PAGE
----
Gareth McCaughan email@example.com wrote:
... The question is whether it makes sense to define complex(a,b) = a+ib for all a,b or whether the two-argument form is always in practice going to be used with real numbers. If it is, which seems pretty plausible to me, then changing complex() to complain when passed two complex numbers would (1) notify users sooner when they have errors in their programs, (2) simplify the code, and (3) avoid the arguably broken behaviour Tim was remarking on, where complex(-0.0).real is +0 instead of -0.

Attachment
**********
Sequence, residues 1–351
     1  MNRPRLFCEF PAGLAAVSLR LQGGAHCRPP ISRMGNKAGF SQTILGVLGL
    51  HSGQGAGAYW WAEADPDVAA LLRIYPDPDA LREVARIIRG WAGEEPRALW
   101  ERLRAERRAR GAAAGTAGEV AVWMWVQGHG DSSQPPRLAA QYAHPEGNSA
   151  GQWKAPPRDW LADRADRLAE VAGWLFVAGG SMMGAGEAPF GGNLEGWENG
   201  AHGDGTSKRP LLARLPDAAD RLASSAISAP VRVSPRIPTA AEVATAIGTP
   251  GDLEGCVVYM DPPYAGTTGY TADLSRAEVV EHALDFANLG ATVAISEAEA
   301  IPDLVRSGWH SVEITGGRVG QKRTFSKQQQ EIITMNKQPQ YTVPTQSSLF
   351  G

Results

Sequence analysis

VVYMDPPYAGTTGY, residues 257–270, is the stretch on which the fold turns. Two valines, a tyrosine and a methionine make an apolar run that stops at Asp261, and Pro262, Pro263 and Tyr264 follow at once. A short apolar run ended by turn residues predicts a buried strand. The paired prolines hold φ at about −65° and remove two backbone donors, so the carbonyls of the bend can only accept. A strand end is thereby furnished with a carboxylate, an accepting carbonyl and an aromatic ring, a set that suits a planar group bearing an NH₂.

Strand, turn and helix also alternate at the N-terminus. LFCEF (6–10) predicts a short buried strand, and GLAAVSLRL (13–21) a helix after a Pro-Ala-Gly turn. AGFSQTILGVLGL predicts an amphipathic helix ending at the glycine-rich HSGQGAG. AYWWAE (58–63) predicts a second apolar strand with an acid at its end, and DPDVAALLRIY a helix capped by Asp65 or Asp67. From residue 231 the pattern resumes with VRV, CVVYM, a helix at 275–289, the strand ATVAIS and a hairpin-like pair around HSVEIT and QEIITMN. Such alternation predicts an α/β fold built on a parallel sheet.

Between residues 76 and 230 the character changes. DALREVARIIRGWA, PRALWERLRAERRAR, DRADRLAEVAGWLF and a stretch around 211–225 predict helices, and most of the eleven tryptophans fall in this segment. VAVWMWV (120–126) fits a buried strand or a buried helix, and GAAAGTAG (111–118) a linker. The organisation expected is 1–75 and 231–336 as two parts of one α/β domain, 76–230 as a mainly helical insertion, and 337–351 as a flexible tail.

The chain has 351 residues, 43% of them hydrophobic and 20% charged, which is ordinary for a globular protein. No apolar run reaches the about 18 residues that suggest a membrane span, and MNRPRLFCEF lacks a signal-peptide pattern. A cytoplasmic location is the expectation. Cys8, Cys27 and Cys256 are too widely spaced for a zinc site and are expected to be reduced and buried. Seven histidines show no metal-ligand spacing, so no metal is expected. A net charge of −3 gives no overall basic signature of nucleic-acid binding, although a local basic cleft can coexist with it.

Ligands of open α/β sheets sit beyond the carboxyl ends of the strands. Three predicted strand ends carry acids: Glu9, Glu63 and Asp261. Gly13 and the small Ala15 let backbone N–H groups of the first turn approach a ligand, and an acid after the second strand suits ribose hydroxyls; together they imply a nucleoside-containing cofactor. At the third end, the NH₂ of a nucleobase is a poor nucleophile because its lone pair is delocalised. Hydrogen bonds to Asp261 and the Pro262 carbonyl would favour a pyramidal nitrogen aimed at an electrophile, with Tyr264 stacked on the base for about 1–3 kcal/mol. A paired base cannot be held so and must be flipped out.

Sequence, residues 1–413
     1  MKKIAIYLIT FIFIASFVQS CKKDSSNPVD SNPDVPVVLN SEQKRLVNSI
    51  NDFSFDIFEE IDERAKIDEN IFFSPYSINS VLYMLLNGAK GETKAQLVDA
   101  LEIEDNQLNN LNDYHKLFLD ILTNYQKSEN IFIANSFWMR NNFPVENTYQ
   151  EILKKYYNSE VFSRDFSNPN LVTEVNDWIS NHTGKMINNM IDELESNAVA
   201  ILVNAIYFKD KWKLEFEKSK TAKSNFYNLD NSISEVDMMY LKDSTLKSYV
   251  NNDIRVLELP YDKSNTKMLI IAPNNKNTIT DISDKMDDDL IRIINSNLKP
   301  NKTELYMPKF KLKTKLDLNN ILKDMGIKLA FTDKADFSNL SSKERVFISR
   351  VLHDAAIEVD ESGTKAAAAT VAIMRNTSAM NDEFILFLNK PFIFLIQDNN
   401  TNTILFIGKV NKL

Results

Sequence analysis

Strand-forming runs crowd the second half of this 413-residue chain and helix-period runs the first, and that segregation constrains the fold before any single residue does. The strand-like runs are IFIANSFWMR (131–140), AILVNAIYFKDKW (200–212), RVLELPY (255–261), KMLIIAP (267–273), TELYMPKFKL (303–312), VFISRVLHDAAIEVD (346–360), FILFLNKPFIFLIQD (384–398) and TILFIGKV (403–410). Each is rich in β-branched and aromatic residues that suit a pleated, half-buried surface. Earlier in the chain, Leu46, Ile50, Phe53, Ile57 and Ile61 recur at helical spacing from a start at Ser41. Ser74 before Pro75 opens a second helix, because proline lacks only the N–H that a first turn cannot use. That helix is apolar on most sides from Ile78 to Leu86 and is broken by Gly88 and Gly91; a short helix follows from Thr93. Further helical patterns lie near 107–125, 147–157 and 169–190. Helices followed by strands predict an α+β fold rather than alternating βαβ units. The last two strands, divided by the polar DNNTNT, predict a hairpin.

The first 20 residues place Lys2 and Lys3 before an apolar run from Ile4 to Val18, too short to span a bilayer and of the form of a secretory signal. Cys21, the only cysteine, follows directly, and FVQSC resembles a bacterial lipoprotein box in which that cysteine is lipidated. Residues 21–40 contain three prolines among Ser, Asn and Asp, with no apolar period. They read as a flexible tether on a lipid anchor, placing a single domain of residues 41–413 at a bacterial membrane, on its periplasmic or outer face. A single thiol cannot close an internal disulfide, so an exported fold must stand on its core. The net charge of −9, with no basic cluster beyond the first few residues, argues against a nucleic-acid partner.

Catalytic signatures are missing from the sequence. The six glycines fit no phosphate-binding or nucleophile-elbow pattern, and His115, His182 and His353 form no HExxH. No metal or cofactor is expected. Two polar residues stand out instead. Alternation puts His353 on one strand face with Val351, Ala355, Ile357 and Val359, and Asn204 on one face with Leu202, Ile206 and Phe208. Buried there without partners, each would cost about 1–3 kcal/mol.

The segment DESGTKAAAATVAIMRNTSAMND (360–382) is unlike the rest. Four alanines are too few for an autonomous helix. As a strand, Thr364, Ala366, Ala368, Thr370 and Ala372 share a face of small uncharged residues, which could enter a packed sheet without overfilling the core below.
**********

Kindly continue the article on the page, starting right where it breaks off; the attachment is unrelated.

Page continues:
For the avoidance of ambiguity: "real" is not synonymous with "double-precision floating-point".
Precisely. On this matter, does anyone know of an application where making that change would harm anything? I cannot think of a circumstance under which the current behaviour adds any useful function over the one that raises an exception if there are two arguments and either is complex.
Yes, of course, SOME people will find it cool to write complex(a,b) when they really mean a+1j*b, but ....
Regards, Nick Maclaren, University of Cambridge Computing Service, New Museums Site, Pembroke Street, Cambridge CB2 3QH, England. Email: firstname.lastname@example.org Tel.: +44 1223 334761 Fax: +44 1223 334679